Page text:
Peter’s Top 10 Video Games of 2020

Sooooo (again), 2020, amirite? If there ever a year to lose myself with a controller and 4K TV, this was it. I spent the better part of the year obsessing about playing many great games. Then September arrived, and like many nerds, I became more obsessed over securing an online order for a PlayStation 5 and Xbox Series X. True, I was initially bummed I wouldn’t be going to my local Gamestop at midnight on Nov 10th and 12th, but in the interest of being safe, I was fortunate enough snag a preorder. Then I just needed to wait eight weeks to greet my neighborhood FedEx peep with social distancing in place. The actual games to play on these big consoles (looking at you, PS5) were the best kind of pricy distractions. More web-slinging! Thrills involving a nemesis! An island full of wisecracking animals! And an ever relatable tale about a pandemic that turned everyone into polarizing monsters. That last one was just the reaction to the game on social media.

While the following is a list of the best games of 2020, I played a lot this year that were older (Like 2017 ancient). None more so than The Legend of Zelda: Breath of the Wild. I put in over 200 hours. I regret nothing. So a shoutout to anyone that was able to enjoy, marvel, and just live among our pixelated selves. With that, on to the games and the characters that stayed with me.

10.  Call of Duty: Cold War

The best single-player COD campaign since the original Modern Warfare (2007), Cold War nails the 80s spy vibe (Complete with a pretty good Reagan impersonation). Led by a dude that looks like Jackal era Robert Redford, you’re tasked with infiltrating several locations to stop a terrorist that might not even exist. Plenty of twists and turns kept me guessing through this tight six-hour story. PS5 owners rejoice as every gun in your arsenal feels different thanks to the incredible implementation of the Dualsense controller’s haptic feedback and adaptive triggers. Both PS5 and Series X/S owners can play the game at 120fps or with ray-tracing.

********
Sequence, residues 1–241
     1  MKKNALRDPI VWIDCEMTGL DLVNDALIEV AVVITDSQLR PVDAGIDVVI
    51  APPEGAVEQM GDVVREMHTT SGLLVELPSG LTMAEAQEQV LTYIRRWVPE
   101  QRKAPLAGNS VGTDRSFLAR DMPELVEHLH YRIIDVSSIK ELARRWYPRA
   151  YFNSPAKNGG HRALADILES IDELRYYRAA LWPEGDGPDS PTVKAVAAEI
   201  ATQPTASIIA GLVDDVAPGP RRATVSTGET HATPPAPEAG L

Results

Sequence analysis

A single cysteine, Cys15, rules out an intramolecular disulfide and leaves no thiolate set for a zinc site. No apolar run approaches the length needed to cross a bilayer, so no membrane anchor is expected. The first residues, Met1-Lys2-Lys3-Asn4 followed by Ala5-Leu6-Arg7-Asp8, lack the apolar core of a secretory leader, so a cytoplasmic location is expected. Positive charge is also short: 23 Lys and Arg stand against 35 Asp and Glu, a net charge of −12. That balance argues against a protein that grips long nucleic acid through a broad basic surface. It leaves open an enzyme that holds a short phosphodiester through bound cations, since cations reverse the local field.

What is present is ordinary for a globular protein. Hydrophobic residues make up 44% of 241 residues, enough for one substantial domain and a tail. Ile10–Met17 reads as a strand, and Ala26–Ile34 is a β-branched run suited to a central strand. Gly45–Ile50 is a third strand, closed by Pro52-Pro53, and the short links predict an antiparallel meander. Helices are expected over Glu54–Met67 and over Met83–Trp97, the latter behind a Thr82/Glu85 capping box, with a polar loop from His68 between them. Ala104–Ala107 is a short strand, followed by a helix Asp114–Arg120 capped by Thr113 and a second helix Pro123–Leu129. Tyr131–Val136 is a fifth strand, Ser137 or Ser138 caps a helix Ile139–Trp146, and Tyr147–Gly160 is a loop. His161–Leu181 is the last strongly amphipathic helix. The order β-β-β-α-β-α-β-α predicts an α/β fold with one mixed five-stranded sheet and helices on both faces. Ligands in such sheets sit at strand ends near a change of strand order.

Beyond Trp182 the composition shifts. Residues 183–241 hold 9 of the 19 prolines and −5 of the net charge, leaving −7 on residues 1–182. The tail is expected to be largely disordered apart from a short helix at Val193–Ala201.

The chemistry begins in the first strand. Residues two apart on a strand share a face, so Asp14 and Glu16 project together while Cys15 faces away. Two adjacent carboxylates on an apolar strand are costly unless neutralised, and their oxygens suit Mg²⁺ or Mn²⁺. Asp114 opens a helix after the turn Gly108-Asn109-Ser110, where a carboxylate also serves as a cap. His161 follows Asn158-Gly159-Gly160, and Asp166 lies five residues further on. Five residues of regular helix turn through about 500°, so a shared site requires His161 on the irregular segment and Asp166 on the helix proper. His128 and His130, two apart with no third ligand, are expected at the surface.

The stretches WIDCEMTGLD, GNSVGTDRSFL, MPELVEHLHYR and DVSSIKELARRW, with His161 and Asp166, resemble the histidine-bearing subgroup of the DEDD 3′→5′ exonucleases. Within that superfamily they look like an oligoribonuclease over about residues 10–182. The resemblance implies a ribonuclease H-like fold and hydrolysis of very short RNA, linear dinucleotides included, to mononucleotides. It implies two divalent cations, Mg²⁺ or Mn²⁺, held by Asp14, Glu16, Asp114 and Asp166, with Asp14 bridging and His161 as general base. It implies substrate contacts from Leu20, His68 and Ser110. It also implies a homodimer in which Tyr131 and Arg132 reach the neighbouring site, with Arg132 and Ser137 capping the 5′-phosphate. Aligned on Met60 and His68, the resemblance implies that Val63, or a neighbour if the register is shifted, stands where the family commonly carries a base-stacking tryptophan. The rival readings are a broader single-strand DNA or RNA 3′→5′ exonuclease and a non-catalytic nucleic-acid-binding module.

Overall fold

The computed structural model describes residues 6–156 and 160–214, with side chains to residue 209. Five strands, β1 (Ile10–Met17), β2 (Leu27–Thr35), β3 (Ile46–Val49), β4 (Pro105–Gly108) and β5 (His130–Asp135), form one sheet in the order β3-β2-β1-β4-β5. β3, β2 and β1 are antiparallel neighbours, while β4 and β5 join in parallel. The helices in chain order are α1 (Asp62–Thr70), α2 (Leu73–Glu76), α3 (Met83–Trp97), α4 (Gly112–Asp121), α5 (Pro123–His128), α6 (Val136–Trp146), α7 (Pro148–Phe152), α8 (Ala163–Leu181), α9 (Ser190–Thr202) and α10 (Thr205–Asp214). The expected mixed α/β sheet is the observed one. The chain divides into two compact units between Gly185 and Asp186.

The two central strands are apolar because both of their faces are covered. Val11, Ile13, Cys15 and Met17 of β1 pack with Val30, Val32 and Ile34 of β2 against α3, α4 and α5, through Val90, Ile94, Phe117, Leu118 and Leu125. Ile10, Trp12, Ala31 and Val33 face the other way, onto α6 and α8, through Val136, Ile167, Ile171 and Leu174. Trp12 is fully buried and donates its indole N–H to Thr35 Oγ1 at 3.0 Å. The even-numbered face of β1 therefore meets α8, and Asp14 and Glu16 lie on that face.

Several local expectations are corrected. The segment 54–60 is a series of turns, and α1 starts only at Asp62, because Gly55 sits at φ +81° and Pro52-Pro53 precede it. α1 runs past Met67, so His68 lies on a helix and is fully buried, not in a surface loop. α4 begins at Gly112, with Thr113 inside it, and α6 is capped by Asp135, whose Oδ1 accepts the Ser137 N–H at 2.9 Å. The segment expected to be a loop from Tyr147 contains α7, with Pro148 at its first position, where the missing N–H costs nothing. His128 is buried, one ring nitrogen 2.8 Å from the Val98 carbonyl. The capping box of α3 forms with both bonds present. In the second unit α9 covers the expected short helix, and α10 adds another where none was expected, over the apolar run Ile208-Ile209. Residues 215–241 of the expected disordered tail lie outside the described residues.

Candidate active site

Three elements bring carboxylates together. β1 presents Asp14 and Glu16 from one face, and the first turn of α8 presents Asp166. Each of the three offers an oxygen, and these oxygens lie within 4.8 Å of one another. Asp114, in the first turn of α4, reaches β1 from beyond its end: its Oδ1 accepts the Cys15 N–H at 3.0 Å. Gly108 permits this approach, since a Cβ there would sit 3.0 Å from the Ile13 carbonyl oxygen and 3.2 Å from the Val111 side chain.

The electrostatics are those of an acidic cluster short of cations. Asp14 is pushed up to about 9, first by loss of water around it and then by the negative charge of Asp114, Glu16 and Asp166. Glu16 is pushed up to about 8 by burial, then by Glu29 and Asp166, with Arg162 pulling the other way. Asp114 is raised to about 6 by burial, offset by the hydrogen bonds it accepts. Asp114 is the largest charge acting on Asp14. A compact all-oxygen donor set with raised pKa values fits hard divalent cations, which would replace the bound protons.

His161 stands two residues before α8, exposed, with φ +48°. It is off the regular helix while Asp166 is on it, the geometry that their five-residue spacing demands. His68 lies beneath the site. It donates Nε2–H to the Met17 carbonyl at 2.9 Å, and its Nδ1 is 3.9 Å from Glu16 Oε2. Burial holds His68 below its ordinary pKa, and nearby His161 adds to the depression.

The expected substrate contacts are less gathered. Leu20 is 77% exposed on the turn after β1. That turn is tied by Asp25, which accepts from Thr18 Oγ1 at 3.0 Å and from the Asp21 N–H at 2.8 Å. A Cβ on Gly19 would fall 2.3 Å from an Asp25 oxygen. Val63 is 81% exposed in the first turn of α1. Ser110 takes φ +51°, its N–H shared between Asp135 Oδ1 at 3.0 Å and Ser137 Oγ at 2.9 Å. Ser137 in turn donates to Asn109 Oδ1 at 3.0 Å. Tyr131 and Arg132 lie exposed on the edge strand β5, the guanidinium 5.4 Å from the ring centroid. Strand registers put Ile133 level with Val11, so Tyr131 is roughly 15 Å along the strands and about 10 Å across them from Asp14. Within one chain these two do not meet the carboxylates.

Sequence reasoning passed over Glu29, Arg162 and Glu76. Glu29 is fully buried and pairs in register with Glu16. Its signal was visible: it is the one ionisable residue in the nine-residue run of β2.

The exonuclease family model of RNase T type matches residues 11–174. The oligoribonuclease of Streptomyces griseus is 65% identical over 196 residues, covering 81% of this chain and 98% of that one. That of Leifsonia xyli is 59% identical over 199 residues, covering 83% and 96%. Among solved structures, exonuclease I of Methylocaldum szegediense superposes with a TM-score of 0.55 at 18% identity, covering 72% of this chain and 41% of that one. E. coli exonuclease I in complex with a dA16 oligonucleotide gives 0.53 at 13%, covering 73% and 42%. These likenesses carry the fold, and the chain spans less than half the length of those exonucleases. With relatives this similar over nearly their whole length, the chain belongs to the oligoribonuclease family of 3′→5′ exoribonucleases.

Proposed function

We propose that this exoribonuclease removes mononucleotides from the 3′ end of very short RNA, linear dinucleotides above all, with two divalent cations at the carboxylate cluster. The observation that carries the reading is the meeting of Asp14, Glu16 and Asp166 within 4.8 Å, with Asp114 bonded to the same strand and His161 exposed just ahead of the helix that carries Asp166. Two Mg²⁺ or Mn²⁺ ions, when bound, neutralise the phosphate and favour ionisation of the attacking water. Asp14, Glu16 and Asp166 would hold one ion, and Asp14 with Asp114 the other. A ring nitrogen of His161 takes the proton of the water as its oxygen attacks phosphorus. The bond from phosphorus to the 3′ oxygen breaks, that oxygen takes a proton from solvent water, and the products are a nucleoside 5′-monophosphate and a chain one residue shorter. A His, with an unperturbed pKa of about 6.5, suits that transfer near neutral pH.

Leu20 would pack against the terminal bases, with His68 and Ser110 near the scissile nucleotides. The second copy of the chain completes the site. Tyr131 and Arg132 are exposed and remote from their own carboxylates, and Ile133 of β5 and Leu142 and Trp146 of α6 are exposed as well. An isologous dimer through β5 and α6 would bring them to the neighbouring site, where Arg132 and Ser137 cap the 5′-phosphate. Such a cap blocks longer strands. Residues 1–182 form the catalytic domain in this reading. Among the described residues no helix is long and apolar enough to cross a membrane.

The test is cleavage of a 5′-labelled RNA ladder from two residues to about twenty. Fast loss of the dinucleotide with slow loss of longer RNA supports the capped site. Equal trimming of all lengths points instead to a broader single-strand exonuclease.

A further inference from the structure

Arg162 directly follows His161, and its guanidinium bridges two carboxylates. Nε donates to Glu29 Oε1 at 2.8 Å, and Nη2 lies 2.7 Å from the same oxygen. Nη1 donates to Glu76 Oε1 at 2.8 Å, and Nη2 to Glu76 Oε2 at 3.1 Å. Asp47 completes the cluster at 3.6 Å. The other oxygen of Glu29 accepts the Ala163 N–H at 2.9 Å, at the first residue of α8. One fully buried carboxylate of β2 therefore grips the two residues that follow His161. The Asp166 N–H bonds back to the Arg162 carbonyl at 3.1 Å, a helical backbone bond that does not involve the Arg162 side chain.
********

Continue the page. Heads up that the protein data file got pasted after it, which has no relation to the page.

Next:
9. Destiny 2: Beyond Light

It only took developer Bungie half a decade, but Destiny 2 is the best “games as service” franchise ever. This latest installment could almost be considered Destiny 3 since “beyond” a new campaign, raids, and strikes is a brand-new subclass. “Stasis” is, as the D2 title of this iteration suggests, not light power but dark. Freezing foes like The Fallen, The Taken, and the other too obvious named baddies (seriously, what is it with sci-fi/fantasies and their blunt names?) is wicked fun. Beyond Light bliss culminated this holiday season with a festive Tower and a quest to bake cookies for D2 mainstays like Ikora and Savala, who then give you treats like better gear and guns. Who knew three-eyed Eris is such a foodie for oatmeal raisin? Here’s hoping February’s season thirteen keeps me invested in looting, grinding, and above all, acquiring the right cape for my hunter. Priorities, guardian.


8.  Astro’s Playroom

Both the PS5 and Series X/S boasted faster load times, more teraflops, blah blah blah, but wow, only the new PS5 Dualsense controller offered a new feel to interacting, which, pun intended, is a game-changer. Haptic feedback means vibration now emulates the feel of, say, water being sprinkled on your character or squeezing through a tight space. Adaptive means the pull of the trigger is harder or easier depending on your weapons or, even better, a fishing pole. All of this was incredibly well demonstrated with the PS5’s packed in game Astro’s Playroom. You play the adorable Astro who you guide through state of the art platform levels, which also serves as a fun look back at the PlayStation brand. Check your inner cynic at the portal and dive in.